From the palace website, 31 May 2011
In the summer of 2011, the Royal Palace in Amsterdam is organising an exhibition entitled ‘The Batavian Commissions’. At centre stage of the exhibition is a series of paintings on the Batavian Revolt, hanging in the gallery arches of the former town hall.
The construction and decoration programme of the Amsterdam Town Hall was the most prestigious artistic project in the Golden Age. The local assignment attracted artists and artisans from the Northern and Southern Netherlands, who contributed collectively toward what was considered the ‘eighth wonder of the world’. Smaller projects were also commissioned as part of the construction project, such as the series of paintings in the gallery arches of the Citizens’ Hall.
Today, the four galleries are still adorned with six large paintings by Govert Flinck, Juriaan Ovens, Jan Lievens, Jacob Jordaens and Anthony de Groot. Initially, Flinck was the only artist to be commissioned by the burgomasters of Amsterdam in 1659. The theme chosen by the burgomasters for the series was the uprising of the Batavians against Roman rule.
However, Flinck died unexpectedly in 1660 before the series was complete. In a bid to win the commission, various artists created studies of the different scenes from the Batavian Revolt. Jan Lievens, Juriaan Ovens, Rembrandt van Rijn, Ferdinand Bol and Jacob Jordaens all competed. The project came to an unfortunate end, however. Due to a shortage of money and painting issues, only six of the eight arches were eventually filled and a smaller version of Rembrandt’s painting disappeared to Sweden.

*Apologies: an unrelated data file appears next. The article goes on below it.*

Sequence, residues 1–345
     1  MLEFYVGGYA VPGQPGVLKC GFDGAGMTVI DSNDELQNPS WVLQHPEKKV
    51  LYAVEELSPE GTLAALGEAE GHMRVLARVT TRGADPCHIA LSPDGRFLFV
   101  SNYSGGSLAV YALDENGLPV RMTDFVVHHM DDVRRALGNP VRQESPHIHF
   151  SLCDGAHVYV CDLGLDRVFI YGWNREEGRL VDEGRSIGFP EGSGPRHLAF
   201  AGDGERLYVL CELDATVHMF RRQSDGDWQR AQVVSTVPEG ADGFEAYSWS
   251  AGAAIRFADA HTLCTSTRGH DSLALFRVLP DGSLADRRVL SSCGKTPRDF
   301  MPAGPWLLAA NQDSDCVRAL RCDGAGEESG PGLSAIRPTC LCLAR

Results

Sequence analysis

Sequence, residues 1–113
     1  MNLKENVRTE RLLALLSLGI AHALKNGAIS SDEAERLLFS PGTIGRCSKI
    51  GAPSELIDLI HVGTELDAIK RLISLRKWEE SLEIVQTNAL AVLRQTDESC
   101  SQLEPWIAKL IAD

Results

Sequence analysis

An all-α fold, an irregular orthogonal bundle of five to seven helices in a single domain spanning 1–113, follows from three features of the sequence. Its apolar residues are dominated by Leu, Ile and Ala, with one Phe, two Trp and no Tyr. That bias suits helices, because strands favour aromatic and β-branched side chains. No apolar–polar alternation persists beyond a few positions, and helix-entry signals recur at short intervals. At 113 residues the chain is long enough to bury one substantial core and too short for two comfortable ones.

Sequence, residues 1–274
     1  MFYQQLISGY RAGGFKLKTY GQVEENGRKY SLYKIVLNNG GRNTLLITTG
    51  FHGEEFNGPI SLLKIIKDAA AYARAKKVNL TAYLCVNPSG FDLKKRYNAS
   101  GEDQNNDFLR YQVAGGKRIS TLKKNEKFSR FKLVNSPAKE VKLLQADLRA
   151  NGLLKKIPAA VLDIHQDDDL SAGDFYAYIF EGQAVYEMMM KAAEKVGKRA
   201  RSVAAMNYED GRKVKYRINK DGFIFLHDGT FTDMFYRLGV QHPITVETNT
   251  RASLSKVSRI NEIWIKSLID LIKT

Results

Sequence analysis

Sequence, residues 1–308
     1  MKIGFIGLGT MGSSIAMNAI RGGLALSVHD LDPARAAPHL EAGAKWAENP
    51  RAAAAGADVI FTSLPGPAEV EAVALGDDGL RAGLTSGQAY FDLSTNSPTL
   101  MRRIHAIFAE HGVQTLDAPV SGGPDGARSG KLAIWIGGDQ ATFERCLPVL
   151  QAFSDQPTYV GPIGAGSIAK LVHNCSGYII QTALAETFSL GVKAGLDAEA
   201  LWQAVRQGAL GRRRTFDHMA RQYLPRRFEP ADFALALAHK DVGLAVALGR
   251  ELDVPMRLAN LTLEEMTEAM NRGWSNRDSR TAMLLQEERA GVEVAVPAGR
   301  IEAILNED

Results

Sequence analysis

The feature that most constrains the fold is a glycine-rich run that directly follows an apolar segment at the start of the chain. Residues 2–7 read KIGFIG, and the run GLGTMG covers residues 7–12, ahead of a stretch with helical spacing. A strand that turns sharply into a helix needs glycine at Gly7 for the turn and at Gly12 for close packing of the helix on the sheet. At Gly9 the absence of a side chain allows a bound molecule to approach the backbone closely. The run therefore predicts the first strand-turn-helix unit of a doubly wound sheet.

What is the story behind the paintings and the artists who competed in the project? Which paintings are hanging and which are not? How would it be if Rembrandt’s painting were also to hang in the gallery? All of these questions are addressed in the exhibition by means of preliminary studies, light projections and the completed pieces that still hang in the Amsterdam’s Royal Palace today.
The exhibition is a joint venture between Stichting Restauratie Atelier Limburg and the University of Amsterdam. The idea for the exhibition was conceived during the restoration of the paintings between 2005 and 2009. In addition to the exhibition at the Royal Palace, a presentation will be given at the UvA ErfgoedLab in the summer, focusing on the recent restoration work, the new discoveries and the ethics of restoration.